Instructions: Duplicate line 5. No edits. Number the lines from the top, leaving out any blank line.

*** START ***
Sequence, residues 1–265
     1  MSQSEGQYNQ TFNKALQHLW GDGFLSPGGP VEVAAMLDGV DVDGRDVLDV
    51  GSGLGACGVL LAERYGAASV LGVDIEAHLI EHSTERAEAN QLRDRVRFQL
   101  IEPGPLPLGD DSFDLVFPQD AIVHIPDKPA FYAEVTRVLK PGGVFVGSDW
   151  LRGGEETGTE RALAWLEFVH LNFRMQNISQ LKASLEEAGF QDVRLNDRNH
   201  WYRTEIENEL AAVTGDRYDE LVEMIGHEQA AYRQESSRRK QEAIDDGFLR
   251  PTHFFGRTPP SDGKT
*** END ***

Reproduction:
   151  LRGGEETGTE RALAWLEFVH LNFRMQNISQ LKASLEEAGF QDVRLNDRNH